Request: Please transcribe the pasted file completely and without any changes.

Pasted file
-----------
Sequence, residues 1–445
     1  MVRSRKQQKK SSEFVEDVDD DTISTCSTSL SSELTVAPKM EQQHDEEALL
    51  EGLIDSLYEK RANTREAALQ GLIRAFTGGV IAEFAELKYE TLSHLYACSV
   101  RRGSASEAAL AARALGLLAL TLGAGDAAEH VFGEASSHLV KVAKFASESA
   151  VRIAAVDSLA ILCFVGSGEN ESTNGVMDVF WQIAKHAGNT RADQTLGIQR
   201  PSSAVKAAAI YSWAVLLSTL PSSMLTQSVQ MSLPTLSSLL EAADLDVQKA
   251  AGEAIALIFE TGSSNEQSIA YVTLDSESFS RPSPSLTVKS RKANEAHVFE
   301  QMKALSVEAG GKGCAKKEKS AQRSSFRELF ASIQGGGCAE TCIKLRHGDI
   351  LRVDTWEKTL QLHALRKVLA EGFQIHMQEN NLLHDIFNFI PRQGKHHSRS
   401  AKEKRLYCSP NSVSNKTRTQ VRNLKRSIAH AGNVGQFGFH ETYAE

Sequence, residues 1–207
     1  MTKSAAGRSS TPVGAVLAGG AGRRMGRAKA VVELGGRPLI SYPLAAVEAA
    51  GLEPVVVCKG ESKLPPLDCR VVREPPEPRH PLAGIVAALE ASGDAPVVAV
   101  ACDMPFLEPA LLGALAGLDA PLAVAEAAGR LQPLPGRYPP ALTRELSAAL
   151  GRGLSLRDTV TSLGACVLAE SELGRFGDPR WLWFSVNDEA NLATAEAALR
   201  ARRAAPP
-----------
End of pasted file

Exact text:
Sequence, residues 1–445
     1  MVRSRKQQKK SSEFVEDVDD DTISTCSTSL SSELTVAPKM EQQHDEEALL
    51  EGLIDSLYEK RANTREAALQ GLIRAFTGGV IAEFAELKYE TLSHLYACSV
   101  RRGSASEAAL AARALGLLAL TLGAGDAAEH VFGEASSHLV KVAKFASESA
   151  VRIAAVDSLA ILCFVGSGEN ESTNGVMDVF WQIAKHAGNT RADQTLGIQR
   201  PSSAVKAAAI YSWAVLLSTL PSSMLTQSVQ MSLPTLSSLL EAADLDVQKA
   251  AGEAIALIFE TGSSNEQSIA YVTLDSESFS RPSPSLTVKS RKANEAHVFE
   301  QMKALSVEAG GKGCAKKEKS AQRSSFRELF ASIQGGGCAE TCIKLRHGDI
   351  LRVDTWEKTL QLHALRKVLA EGFQIHMQEN NLLHDIFNFI PRQGKHHSRS
   401  AKEKRLYCSP NSVSNKTRTQ VRNLKRSIAH AGNVGQFGFH ETYAE

Sequence, residues 1–207
     1  MTKSAAGRSS TPVGAVLAGG AGRRMGRAKA VVELGGRPLI SYPLAAVEAA
    51  GLEPVVVCKG ESKLPPLDCR VVREPPEPRH PLAGIVAALE ASGDAPVVAV
   101  ACDMPFLEPA LLGALAGLDA PLAVAEAAGR LQPLPGRYPP ALTRELSAAL
   151  GRGLSLRDTV TSLGACVLAE SELGRFGDPR WLWFSVNDEA NLATAEAALR
   201  ARRAAPP